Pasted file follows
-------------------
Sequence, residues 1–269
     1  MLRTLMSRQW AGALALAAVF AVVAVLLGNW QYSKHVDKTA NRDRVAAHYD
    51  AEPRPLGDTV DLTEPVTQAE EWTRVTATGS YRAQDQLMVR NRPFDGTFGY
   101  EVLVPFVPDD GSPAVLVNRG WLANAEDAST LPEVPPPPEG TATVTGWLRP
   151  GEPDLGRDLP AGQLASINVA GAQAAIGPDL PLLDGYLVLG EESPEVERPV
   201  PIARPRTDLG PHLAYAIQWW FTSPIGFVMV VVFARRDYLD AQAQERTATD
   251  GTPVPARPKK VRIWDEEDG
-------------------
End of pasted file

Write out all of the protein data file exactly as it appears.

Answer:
Sequence, residues 1–269
     1  MLRTLMSRQW AGALALAAVF AVVAVLLGNW QYSKHVDKTA NRDRVAAHYD
    51  AEPRPLGDTV DLTEPVTQAE EWTRVTATGS YRAQDQLMVR NRPFDGTFGY
   101  EVLVPFVPDD GSPAVLVNRG WLANAEDAST LPEVPPPPEG TATVTGWLRP
   151  GEPDLGRDLP AGQLASINVA GAQAAIGPDL PLLDGYLVLG EESPEVERPV
   201  PIARPRTDLG PHLAYAIQWW FTSPIGFVMV VVFARRDYLD AQAQERTATD
   251  GTPVPARPKK VRIWDEEDG